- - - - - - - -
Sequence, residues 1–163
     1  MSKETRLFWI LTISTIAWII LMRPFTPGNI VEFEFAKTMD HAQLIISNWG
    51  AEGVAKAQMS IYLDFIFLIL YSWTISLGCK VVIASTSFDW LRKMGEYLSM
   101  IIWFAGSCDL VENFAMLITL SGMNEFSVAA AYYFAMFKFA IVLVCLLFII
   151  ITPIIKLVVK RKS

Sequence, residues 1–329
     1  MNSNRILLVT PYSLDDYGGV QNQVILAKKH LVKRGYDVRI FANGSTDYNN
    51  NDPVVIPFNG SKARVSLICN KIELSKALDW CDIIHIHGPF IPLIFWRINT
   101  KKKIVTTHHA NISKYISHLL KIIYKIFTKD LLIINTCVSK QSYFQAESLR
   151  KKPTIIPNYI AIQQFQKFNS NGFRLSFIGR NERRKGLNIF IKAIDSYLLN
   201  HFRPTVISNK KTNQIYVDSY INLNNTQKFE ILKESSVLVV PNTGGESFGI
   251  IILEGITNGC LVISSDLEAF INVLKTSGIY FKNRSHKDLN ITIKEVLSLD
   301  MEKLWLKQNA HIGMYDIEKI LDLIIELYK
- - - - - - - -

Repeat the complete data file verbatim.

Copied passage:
Sequence, residues 1–163
     1  MSKETRLFWI LTISTIAWII LMRPFTPGNI VEFEFAKTMD HAQLIISNWG
    51  AEGVAKAQMS IYLDFIFLIL YSWTISLGCK VVIASTSFDW LRKMGEYLSM
   101  IIWFAGSCDL VENFAMLITL SGMNEFSVAA AYYFAMFKFA IVLVCLLFII
   151  ITPIIKLVVK RKS

Sequence, residues 1–329
     1  MNSNRILLVT PYSLDDYGGV QNQVILAKKH LVKRGYDVRI FANGSTDYNN
    51  NDPVVIPFNG SKARVSLICN KIELSKALDW CDIIHIHGPF IPLIFWRINT
   101  KKKIVTTHHA NISKYISHLL KIIYKIFTKD LLIINTCVSK QSYFQAESLR
   151  KKPTIIPNYI AIQQFQKFNS NGFRLSFIGR NERRKGLNIF IKAIDSYLLN
   201  HFRPTVISNK KTNQIYVDSY INLNNTQKFE ILKESSVLVV PNTGGESFGI
   251  IILEGITNGC LVISSDLEAF INVLKTSGIY FKNRSHKDLN ITIKEVLSLD
   301  MEKLWLKQNA HIGMYDIEKI LDLIIELYK